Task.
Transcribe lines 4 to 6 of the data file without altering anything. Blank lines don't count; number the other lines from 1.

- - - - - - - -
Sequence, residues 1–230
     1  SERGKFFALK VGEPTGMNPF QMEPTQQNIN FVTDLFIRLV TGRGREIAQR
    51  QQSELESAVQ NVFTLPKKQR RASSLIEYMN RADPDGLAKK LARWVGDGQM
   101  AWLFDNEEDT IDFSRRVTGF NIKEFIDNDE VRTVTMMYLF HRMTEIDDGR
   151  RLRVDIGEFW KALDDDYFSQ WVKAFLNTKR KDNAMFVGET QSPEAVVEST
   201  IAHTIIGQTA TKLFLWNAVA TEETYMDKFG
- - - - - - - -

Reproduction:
   101  AWLFDNEEDT IDFSRRVTGF NIKEFIDNDE VRTVTMMYLF HRMTEIDDGR
   151  RLRVDIGEFW KALDDDYFSQ WVKAFLNTKR KDNAMFVGET QSPEAVVEST
   201  IAHTIIGQTA TKLFLWNAVA TEETYMDKFG